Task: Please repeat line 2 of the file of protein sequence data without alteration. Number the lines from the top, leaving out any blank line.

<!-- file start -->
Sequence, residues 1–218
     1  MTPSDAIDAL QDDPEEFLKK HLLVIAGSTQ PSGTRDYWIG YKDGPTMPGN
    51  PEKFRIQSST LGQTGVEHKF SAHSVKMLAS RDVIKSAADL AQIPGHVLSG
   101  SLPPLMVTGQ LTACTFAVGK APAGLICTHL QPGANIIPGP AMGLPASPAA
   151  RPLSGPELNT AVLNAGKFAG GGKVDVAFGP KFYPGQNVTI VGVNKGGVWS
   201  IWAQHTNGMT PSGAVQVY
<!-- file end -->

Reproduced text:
     1  MTPSDAIDAL QDDPEEFLKK HLLVIAGSTQ PSGTRDYWIG YKDGPTMPGN